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For further information, see CMDT Part 18-21: Carcinoma of the Endometrium

Key Features

Essentials of Diagnosis

  • Abnormal uterine bleeding is the presenting sign in 90% of cases

  • Papanicolaou smear is frequently negative

  • After a negative pregnancy test, endometrial tissue is required to confirm the diagnosis

General Considerations

  • Adenocarcinoma of the endometrium is the second most common cancer of the female genital tract

  • Occurs most often in women 50–70 years of age

  • Risk factors

    • Obesity

    • Nulliparity

    • Diabetes mellitus

    • Polycystic ovaries with prolonged anovulation

    • Unopposed estrogen therapy

    • Extended use of tamoxifen for the treatment of breast cancer

  • Women with a family history of colon cancer (hereditary nonpolyposis colorectal cancer, Lynch syndrome) are at significantly increased risk, with a lifetime incidence as high as 30%

Clinical Findings

  • Abnormal uterine bleeding is the presenting sign in 90% of cases

  • Any postmenopausal bleeding requires investigation

  • Pain generally occurs late in the disease, with metastases or infection


  • Papanicolaou smears of the cervix

    • Occasionally show atypical endometrial cells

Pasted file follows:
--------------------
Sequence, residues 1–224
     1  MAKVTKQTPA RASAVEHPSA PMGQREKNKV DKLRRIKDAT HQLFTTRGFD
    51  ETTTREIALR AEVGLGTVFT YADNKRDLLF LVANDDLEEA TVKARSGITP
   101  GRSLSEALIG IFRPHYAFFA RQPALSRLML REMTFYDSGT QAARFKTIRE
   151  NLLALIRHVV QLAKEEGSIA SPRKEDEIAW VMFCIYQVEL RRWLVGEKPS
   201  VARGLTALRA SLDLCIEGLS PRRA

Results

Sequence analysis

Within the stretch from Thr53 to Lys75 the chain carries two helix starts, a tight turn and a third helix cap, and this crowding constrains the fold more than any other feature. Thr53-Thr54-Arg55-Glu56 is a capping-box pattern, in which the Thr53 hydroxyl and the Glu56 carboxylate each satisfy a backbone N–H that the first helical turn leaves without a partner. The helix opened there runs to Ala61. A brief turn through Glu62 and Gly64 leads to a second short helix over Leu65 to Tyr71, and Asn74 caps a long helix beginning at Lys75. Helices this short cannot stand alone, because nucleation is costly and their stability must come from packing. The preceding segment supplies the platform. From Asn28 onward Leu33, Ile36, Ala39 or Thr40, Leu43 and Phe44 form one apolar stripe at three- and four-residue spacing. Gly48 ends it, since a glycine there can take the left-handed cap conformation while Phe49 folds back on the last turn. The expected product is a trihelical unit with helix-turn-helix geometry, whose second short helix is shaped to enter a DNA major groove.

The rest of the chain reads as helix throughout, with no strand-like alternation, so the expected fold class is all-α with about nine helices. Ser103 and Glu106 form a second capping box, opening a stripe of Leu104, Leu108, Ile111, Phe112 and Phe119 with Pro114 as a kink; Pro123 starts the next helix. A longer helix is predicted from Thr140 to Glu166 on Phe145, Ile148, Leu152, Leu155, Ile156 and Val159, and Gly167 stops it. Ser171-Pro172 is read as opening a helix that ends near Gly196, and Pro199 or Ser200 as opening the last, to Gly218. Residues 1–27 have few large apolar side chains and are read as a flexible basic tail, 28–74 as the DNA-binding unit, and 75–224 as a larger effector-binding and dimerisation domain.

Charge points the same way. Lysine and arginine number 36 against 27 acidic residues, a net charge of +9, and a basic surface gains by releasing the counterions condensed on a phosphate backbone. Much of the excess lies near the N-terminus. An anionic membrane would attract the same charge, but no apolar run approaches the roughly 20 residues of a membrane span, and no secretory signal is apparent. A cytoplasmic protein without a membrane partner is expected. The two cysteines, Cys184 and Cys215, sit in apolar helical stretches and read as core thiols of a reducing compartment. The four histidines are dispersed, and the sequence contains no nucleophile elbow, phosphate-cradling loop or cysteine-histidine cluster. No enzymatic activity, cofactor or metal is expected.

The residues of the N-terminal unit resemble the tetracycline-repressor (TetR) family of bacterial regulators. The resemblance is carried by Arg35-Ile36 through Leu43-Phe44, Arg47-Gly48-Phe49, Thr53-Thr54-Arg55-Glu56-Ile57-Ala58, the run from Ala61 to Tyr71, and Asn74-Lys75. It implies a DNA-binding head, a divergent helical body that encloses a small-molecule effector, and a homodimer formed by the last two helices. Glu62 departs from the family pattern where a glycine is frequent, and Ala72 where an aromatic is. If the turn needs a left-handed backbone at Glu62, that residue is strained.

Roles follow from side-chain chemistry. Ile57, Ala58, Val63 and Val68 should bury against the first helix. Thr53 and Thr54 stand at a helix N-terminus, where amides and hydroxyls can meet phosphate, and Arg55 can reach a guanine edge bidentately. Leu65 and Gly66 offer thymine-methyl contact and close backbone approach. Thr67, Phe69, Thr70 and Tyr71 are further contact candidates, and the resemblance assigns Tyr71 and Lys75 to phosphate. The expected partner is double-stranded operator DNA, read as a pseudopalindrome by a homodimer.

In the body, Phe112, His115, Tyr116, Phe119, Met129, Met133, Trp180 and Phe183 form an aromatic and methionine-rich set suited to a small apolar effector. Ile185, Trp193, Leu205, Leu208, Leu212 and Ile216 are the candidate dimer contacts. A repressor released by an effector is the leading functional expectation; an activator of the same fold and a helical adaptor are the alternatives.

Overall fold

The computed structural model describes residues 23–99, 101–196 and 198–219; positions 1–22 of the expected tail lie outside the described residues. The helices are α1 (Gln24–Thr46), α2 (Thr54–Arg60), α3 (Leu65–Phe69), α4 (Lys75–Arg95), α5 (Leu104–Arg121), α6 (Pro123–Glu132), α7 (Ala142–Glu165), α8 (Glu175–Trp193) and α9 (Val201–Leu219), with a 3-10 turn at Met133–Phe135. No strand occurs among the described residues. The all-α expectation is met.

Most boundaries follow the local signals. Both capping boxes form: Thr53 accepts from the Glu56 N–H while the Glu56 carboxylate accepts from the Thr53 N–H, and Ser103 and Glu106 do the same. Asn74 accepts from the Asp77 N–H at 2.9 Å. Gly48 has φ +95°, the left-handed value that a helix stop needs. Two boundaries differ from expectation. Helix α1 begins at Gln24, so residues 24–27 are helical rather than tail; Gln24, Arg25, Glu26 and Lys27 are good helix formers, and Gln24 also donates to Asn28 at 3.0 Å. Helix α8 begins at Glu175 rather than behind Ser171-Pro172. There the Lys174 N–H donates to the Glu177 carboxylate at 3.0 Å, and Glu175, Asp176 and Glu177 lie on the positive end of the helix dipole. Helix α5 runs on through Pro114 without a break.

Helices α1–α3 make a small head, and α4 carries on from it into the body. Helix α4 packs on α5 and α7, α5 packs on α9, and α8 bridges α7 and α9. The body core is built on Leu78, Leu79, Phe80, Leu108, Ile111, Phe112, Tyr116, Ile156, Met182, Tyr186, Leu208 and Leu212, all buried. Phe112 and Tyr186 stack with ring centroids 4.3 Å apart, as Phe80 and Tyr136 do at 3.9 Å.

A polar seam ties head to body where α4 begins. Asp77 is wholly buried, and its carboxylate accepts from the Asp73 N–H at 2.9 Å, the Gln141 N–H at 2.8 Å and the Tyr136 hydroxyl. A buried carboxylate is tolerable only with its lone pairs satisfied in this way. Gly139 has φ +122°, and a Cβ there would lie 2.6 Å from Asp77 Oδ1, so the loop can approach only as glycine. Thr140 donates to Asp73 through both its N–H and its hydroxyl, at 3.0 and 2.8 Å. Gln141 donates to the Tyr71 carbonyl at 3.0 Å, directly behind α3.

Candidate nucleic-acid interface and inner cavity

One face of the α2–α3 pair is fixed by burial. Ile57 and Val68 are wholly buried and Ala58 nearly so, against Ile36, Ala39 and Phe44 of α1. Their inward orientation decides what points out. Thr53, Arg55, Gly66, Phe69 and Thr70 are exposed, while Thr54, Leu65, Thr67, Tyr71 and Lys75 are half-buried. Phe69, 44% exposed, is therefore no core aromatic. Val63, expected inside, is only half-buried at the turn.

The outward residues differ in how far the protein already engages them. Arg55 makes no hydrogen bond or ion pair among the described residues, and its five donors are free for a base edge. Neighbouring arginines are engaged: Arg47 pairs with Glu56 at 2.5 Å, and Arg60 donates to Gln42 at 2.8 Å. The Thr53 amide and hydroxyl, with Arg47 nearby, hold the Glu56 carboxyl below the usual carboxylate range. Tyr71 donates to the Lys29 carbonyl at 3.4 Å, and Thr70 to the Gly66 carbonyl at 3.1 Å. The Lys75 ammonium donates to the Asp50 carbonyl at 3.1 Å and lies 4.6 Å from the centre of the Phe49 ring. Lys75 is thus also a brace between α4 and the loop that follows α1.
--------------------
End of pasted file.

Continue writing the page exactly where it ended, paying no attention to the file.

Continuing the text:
• However, they are an insensitive diagnostic tool

  • Endocervical and endometrial sampling is the only reliable means of diagnosis

  • Simultaneous hysteroscopy can be a valuable addition in order to localize polyps or other lesions within the uterine cavity

  • Pelvic ultrasonography may be used to determine the thickness of the endometrium as an indication of hypertrophy and possible neoplastic change


  • Total hysterectomy and bilateral salpingo-oophorectomy

  • Peritoneal washings for cytologic examination are routinely taken and lymph node sampling may be done

  • Women with high-risk endometrial cancer (serous adenocarcinoma, clear cell carcinoma, grade 3 deeply invasive endometrioid carcinoma, and stages III/IV disease) are generally treated with surgery followed by chemotherapy and/or radiation therapy



  • With early diagnosis and treatment, the overall 5-year survival is 80–85%

  • With stage I disease, the depth of myometrial invasion is the strongest predictor of survival, with a 5-year survival of

    • 98% with a less than 66% depth of myometrial invasion

    • 78% with a 66% or greater depth of myometrial invasion

When to Refer

  • All patients should be referred to a gynecologic oncologist


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McDonald  ME  et al. Endometrial cancer: obesity, genetics and targeted agents. Obstet Gynecol Clin North Am. 2019 Mar;46(1):89–105.
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